Ponderous Leeds are easy prey for swooping Eagle

Leeds United 0 Crystal Palace 2
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The Independent Online
With his flame-coloured crop, abrasive style and Scottish brogue, David Hopkin might have been born to inherit the mantle of Billy Bremner and Gordon Strachan as Leeds' captain. His successor in the Crystal Palace engine room, Attilio Lombardo, resembles nothing so much as a bank manager, yet it was Hopkin who endured the bad heir day at Elland Road.

Steve Coppell played down comparisons between Hopkin, whom he reluctantly sold for pounds 3.25m after clinching promotion, and Lombardo, lured from Juventus until 2000 for less than half that sum. The redhead and the millennium dome were, he argued, "totally different players".

However, if Saturday's snapshot proves representative of the broader picture, the Palace manager may have pulled off a deal comparable with Chelsea's capture of Gianfranco Zola.

Whereas Hopkin, typically of Leeds, looked ponderous in thought and deed, Lombardo glided over the turf in his free role. Under the scrutiny of an associate of Italy's manager, Cesare Maldini, the 31-year-old midfielder demonstrated a Zola-like economy of touch and facility for seeing the possibilities before opponents.

Both goals resulted from this vision. The prelude to the first was a microcosm of the match in that he was quicker to a 50-50 ball than Hopkin. The position was seemingly innocuous. Seconds later, a sweeping move ended with Palace's other major recruit, Paul Warhurst, heading in.

Warhurst, revealing glimpses of the form that earned an England call- up before the injury ravages of the past four years, repaid the compliment with a deftly cushioned header soon after half-time. Despite the attentions of two defenders and Nigel Martyn's reluctance to go to ground, Lombardo kept his poise to nip in the bud the revival Leeds were threatening.

George Graham deemed it "a wonderful goal", and admitted his remodelled team were comprehensively beaten by the better side. The Leeds manager's magnanimity echoed that of the crowd, who warmly applauded their tormentor when he left the fray.

Coppell, in contrast, appeared unduly determined to resist singing Lombardo's praises. "It's all very well being a nice player in August and September, but English football is about October, November, December and January," he said, sounding disappointingly like Alan Sugar doubting Dennis Bergkamp's resilience.

If, come February, people were still remarking on his contribution, Coppell would accept that he had "more than made his point". In fact, Lombardo has spent his career in Genoa and Turin - "oop North" in the Italian context - so he should be no more averse to wintry conditions than the southern softies in Palace's squad.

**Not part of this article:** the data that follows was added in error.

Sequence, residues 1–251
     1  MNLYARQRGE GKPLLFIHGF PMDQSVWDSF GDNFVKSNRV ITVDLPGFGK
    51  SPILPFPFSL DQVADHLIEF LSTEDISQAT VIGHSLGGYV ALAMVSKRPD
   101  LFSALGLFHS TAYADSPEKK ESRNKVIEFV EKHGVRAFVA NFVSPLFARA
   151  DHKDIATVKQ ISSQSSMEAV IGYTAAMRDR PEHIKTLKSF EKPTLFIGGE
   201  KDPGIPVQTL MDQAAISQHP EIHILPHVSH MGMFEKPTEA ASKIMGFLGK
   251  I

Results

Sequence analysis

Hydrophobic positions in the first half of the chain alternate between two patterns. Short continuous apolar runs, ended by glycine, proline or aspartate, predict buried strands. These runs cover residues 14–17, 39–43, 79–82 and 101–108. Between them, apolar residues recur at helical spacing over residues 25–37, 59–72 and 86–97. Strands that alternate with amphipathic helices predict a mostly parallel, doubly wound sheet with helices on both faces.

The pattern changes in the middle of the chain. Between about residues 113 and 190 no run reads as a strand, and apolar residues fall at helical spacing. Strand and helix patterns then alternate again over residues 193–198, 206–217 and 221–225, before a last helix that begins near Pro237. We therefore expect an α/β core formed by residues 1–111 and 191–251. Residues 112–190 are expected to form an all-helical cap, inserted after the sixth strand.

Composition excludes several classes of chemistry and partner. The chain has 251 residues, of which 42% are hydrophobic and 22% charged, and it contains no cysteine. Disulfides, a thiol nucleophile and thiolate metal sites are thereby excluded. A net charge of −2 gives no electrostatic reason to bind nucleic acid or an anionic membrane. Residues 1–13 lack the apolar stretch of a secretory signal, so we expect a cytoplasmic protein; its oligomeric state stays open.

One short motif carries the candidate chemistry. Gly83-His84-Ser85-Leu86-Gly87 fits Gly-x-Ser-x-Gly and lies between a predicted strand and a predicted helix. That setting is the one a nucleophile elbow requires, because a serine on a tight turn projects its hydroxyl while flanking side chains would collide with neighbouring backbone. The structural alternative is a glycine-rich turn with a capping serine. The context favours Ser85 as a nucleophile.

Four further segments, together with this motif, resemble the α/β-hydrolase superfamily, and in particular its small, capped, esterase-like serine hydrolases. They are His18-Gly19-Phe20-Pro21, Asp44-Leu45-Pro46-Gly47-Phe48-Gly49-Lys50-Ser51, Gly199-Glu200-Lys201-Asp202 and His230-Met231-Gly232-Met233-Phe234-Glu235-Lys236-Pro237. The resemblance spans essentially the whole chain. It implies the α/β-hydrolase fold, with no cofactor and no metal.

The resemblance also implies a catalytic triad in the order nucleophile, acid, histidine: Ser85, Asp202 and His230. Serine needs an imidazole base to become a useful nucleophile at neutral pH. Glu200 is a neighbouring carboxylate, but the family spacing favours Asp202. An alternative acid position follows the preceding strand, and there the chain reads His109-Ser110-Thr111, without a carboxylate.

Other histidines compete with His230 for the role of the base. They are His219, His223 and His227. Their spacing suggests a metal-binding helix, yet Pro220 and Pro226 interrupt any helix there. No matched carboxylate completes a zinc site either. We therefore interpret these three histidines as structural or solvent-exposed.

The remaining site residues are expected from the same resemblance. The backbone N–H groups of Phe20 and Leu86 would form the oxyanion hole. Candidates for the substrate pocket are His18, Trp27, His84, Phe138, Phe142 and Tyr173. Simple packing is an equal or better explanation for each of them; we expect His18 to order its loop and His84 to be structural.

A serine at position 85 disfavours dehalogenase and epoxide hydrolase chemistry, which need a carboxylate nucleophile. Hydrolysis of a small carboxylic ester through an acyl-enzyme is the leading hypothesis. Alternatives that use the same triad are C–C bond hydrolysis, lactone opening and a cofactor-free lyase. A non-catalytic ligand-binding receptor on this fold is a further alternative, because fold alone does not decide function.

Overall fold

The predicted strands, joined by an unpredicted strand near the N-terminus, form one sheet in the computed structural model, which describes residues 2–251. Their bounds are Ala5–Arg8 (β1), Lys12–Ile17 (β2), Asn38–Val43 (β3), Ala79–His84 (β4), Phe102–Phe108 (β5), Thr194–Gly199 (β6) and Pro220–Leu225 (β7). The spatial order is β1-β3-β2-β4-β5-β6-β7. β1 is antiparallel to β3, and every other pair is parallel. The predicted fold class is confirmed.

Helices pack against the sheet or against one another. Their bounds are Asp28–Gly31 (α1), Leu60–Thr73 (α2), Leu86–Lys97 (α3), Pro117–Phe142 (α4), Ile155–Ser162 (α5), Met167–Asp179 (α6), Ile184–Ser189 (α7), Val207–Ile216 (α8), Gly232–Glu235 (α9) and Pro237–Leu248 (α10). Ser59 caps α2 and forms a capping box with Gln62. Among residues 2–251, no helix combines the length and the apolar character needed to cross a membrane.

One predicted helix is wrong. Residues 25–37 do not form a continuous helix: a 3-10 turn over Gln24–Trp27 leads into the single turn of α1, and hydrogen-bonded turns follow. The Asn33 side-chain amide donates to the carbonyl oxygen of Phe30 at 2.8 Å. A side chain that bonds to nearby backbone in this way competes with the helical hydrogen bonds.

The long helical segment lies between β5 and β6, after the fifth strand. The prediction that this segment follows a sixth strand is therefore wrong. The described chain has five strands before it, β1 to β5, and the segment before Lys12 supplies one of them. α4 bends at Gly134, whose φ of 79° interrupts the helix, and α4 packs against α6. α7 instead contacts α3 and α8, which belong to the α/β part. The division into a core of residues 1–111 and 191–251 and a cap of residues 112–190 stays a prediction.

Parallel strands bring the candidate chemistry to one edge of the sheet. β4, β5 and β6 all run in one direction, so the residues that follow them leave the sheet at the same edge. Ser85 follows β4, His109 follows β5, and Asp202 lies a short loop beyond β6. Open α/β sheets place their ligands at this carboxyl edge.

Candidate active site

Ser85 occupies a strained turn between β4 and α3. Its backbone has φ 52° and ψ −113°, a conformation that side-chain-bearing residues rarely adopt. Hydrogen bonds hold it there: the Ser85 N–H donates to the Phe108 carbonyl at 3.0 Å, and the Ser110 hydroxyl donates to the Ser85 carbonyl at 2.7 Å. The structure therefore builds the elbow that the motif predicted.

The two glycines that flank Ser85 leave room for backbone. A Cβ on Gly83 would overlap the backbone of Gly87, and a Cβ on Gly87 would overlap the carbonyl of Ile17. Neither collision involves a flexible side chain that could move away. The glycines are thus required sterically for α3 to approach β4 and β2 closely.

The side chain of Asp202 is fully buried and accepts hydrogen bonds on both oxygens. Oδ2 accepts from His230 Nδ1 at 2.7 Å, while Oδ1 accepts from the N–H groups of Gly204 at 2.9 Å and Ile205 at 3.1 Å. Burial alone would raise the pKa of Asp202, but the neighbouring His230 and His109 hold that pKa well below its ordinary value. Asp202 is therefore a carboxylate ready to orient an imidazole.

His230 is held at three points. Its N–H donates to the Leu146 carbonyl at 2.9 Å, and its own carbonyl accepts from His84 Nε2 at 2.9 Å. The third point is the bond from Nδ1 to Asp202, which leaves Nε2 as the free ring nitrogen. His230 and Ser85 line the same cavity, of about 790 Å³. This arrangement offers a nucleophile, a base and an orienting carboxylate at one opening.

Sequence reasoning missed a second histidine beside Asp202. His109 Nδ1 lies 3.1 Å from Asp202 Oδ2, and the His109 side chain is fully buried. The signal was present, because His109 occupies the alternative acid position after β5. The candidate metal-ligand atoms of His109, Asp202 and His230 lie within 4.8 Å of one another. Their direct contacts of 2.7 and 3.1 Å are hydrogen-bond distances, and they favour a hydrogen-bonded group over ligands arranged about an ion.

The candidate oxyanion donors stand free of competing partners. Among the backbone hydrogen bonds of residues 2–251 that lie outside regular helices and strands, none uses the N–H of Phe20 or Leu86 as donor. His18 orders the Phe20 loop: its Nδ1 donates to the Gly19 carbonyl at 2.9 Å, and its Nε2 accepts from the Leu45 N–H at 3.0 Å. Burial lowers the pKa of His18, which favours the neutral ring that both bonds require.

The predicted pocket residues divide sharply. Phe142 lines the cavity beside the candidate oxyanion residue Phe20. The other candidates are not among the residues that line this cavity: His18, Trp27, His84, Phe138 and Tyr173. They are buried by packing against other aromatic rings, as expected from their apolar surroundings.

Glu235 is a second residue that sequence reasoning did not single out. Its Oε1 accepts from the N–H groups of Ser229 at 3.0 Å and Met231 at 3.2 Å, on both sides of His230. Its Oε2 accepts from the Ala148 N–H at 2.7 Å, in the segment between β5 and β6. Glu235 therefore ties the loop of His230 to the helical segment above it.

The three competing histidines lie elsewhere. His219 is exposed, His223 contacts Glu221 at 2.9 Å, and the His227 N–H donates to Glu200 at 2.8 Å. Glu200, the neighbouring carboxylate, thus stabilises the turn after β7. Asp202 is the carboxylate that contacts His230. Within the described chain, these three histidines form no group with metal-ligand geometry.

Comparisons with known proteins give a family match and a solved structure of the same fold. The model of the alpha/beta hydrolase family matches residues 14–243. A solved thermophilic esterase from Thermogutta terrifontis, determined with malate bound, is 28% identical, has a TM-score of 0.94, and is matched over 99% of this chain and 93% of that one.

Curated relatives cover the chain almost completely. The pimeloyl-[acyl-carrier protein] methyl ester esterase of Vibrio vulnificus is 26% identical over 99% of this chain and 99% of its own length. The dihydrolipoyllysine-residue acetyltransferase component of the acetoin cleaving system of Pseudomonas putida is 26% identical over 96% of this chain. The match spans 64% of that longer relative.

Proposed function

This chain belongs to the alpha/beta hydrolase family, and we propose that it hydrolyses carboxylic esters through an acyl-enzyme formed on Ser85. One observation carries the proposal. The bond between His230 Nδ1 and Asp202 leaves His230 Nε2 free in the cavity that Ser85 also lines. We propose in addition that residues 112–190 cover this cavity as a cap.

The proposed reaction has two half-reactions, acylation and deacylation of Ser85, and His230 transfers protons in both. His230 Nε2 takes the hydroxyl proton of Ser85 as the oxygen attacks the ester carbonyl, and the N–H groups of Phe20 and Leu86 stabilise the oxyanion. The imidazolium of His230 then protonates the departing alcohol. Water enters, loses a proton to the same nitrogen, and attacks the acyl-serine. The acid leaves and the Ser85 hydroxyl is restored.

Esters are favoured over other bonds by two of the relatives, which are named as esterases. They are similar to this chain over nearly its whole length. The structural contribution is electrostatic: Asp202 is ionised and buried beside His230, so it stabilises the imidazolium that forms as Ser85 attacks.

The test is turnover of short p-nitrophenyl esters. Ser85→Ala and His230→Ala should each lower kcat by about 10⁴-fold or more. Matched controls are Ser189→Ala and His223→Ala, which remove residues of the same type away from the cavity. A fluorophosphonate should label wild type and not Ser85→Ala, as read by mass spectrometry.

He is evidently keen to be considered "one of the lads". Although Coppell reckoned he had picked up only four words of English (the first, recalling Denis Wise's advice to Roberto Di Matteo that "f- off" was a friendly greeting, turns out to be an insult starting with "w"), Lombardo may be a faster learner than he suspects.

Conducting a painstaking post-match interview via an interpreter, a question about targets encouraged him to parliamo inglese: "Not to get relegated - and to score more goals." With two already, he is on course to beat his best haul in Serie A, eight for Sampdoria.

According to Graham, Leeds are "back to square one". Not quite: they at least created chances, rather than seeking to grind out the goalless draw which became a grim trademark last winter. Too often, though, they pumped the ball long towards a lightweight front two, playing into the hands of a Palace guard eye-catchingly marshalled by Marc Edworthy.

For a downcast Hopkin, tomorrow's visit of Liverpool offers an instant opportunity to show he has more in common with his illustrious predecessors than simply ginger hair. His strength, as evinced by what his former manager called a "massive" 17 goals last season, lies in powering forward. Whether he can also supply the guile personified by Lombardo, for which Leeds are crying out, remains to be seen.

Goals: Warhurst (22) 0-1; Lombardo (51) 0-2.

Leeds United (4-4-2): Martyn; Halle (Radebe, h-t), Wetherall, Molenaar, Robertson; Kelly, Bowyer (Haland, 73), Hopkin, Ribeiro (Kewell, 73); Wallace, Hasselbaink. Substitutes not used: Lilley, Beeney (gk).

Crystal Palace (3-5-2): Miller; Tuttle, Edworthy, Linighan; Muscat, Lombardo (Fullarton, 79), Roberts, Rodger, Gordon; Dyer (Freedman, 68), Warhurst (Shipperley, 75). Substitutes not used: Hreidarsson, Nash (gk).

Referee: U Rennie (Sheffield)

Bookings: Leeds: Hasselbaink. Palace: Tuttle, Edworthy, Dyer, Linighan.

Man of the match: Lombardo. Attendance: 29,076.

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